The UK will complete the Brexit journey that it began four years ago on December 31, the final day of the transition period. Its future trade relationship with the EU is not definite, and the British are wisely preparing for a hard landing. This time of transition should be regarded as an opportunity to build a united country, one that is in a mutually beneficial trade partnership with the world.
The European Bank for Reconstruction and Development has a long history of investing in emerging markets, and its contributions are most constructive during crises. With the global economy reeling from COVID-19, the EBRD ramped up its efforts to be a partner to key players in the markets in which it invests, providing emergency financing and policy direction with a focus on fostering a green economy characterized by inclusion and digitalization.
By now, it is clear that the global coronavirus pandemic and the government-mandated lockdowns that have resulted have had an unprecedented impact on the global economy. But perhaps what has not been sufficiently illuminated to date is just how critical the situation has become for those groups most at risk from this downturn.
Due to the unique challenges that have arisen from the pandemic-induced lockdowns, 2020 has been a tough year for many industries around the world—not least for the auto industry. As COVID-19 cases continue to emerge in earnest, government restrictions that remain in place to this day throughout much of the world
In June, The Atlantic published “The Looming Bank Collapse”, a piece by University of California, Berkeley law professor and ex-Morgan Stanley derivatives structurer Frank Partnoy, which generated significant debate over whether a banking crisis in the same mould as that witnessed during the global financial crisis (GFC) is just around the corner.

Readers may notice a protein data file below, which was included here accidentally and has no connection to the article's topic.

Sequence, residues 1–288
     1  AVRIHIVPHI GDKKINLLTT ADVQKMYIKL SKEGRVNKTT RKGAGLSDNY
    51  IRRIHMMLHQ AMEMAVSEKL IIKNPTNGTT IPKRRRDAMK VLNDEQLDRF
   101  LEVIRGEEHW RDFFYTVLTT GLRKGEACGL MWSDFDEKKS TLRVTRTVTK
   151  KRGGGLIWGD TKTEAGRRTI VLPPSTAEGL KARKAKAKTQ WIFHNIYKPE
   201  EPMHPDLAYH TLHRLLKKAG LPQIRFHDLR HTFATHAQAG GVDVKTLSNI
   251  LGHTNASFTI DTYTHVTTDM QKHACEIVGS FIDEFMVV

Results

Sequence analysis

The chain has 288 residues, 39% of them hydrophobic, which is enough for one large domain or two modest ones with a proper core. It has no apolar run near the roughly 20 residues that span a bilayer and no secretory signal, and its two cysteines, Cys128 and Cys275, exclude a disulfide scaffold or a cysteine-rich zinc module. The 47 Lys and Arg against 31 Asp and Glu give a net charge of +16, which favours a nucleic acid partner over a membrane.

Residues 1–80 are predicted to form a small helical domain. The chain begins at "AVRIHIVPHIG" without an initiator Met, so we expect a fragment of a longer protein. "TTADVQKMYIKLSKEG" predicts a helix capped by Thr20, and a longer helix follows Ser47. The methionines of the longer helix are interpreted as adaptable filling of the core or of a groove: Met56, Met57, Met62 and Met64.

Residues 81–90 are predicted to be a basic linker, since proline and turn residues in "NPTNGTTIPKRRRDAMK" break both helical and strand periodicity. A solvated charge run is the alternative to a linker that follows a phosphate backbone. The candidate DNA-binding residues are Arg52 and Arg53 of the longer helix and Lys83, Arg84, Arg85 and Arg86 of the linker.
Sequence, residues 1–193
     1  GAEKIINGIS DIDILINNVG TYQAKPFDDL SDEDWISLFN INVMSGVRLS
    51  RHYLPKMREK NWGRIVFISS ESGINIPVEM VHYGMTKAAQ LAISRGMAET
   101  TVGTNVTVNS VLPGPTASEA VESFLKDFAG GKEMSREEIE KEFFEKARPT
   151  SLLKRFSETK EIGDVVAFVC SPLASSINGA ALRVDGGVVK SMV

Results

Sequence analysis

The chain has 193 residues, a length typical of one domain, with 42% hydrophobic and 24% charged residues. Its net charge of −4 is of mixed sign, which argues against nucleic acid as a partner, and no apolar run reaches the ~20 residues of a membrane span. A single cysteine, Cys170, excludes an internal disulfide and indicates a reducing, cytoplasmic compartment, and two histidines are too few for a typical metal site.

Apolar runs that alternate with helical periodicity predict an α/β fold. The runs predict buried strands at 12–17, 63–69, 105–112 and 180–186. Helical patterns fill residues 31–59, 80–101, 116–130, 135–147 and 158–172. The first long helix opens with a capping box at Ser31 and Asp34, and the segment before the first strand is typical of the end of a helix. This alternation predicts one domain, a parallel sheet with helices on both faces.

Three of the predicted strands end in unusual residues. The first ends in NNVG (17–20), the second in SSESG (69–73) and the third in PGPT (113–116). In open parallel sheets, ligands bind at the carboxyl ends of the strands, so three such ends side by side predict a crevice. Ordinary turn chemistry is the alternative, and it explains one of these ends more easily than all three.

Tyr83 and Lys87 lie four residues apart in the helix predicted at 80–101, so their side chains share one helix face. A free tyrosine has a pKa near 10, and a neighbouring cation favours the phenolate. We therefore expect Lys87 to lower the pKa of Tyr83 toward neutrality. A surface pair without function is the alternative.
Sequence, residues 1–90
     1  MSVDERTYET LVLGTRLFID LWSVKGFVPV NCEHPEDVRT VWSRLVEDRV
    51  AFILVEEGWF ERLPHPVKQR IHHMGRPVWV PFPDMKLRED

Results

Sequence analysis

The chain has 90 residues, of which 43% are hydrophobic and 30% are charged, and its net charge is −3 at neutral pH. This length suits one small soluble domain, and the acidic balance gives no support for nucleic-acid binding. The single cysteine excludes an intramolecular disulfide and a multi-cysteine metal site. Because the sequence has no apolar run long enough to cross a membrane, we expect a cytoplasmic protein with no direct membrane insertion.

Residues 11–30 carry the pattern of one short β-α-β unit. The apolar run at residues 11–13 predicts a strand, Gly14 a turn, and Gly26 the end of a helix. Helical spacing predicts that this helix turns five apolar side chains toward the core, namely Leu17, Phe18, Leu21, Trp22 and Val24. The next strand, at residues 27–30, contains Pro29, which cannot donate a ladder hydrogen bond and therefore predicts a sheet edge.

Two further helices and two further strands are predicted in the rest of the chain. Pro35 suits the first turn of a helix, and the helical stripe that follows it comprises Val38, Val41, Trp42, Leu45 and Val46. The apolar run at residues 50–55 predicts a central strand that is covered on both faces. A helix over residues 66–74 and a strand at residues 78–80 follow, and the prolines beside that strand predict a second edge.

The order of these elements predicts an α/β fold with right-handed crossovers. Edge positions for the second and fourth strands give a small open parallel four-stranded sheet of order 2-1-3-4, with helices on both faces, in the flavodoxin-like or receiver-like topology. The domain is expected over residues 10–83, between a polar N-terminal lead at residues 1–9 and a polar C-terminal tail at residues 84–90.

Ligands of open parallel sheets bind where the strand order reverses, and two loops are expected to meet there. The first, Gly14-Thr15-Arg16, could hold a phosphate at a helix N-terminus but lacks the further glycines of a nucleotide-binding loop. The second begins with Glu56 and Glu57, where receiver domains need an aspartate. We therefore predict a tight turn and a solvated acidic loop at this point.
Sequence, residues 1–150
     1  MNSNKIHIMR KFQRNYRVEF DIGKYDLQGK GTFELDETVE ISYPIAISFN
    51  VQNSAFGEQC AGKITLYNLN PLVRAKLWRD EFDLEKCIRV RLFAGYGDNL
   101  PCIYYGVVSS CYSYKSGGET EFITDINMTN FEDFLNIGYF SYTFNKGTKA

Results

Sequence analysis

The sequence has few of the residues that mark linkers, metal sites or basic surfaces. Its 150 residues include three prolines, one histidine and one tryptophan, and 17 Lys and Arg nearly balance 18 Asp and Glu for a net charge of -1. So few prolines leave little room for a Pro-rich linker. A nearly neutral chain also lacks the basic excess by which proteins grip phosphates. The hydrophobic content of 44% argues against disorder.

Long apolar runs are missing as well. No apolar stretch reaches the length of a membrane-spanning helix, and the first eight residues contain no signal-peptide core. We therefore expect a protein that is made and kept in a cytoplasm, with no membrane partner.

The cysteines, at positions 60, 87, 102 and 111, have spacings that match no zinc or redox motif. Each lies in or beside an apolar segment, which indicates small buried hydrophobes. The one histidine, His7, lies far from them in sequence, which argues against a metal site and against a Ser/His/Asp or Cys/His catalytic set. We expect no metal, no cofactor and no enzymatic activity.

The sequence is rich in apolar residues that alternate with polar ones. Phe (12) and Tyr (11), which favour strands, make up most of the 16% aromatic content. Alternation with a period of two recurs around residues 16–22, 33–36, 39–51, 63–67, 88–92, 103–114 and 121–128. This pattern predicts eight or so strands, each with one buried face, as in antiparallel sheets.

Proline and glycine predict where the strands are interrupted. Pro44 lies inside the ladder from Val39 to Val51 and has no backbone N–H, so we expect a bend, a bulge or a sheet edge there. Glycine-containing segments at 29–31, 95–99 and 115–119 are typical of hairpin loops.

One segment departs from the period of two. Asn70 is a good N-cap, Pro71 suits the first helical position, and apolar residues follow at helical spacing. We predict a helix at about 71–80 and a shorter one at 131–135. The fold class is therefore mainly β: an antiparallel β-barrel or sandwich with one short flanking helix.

The last decade or so has seen concerns grow significantly over the long-term health of the dollar. Those concerns have only grown in urgency since the coronavirus arrived on the shores of the United States in February, triggering a nationwide shutdown of the world’s biggest economy.
Some puzzles are fun, while others are not. The sovereign-bank diabolic loop puzzle is definitely not fun for the European governments and banks victimized by it. Trapped in the loop, banks hurt sovereigns, while sovereigns return the favor by hurting banks. Is there a way to break free of this deadly embrace? New research shines a light on a possible channel to freedom that strangely enough originates in the US.
Europe’s banks deserve a lot of credit for weathering less than ideal conditions, such as ultra-low interest rates and profitability in conjunction with high levels of fintech competition and toxic debt. But while conditions haven’t improved much lately on the interest-rate side, the bad-debt situation is considerably brighter. Astute regulators and governments deserve much of the credit, but so do the banks themselves for revamping their management of nonperforming loans.
Technology has brought us all closer together but at times, makes it more difficult to know exactly with whom we are dealing. Accurate customer identity verification is crucial for financial services, especially when the potential for criminal activities such as money laundering is factored in. Regulators are joining in the challenge by specifying how customers’ identities should be verified online, with the new 5AMLD in Europe lending guidance to banks.
Few have not embraced the Green Agenda, as we all see the potential for renewable energy to transform the fabric of our lives and to hinder potentially devastating climate change. But wanting to do and doing can be two different things, with the availability of financing often being the deciding factor. The European Bank for Reconstruction and Development fills the financing gap, with a focus on worthy private-sector green projects.